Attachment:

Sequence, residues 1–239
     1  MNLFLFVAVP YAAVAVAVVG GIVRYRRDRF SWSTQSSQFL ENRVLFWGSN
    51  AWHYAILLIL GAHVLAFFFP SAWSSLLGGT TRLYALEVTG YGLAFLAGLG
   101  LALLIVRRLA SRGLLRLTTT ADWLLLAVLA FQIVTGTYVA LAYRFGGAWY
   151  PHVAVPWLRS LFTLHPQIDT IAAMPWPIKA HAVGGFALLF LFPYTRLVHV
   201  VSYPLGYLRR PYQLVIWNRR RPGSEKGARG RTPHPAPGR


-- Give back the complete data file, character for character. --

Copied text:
Sequence, residues 1–239
     1  MNLFLFVAVP YAAVAVAVVG GIVRYRRDRF SWSTQSSQFL ENRVLFWGSN
    51  AWHYAILLIL GAHVLAFFFP SAWSSLLGGT TRLYALEVTG YGLAFLAGLG
   101  LALLIVRRLA SRGLLRLTTT ADWLLLAVLA FQIVTGTYVA LAYRFGGAWY
   151  PHVAVPWLRS LFTLHPQIDT IAAMPWPIKA HAVGGFALLF LFPYTRLVHV
   201  VSYPLGYLRR PYQLVIWNRR RPGSEKGARG RTPHPAPGR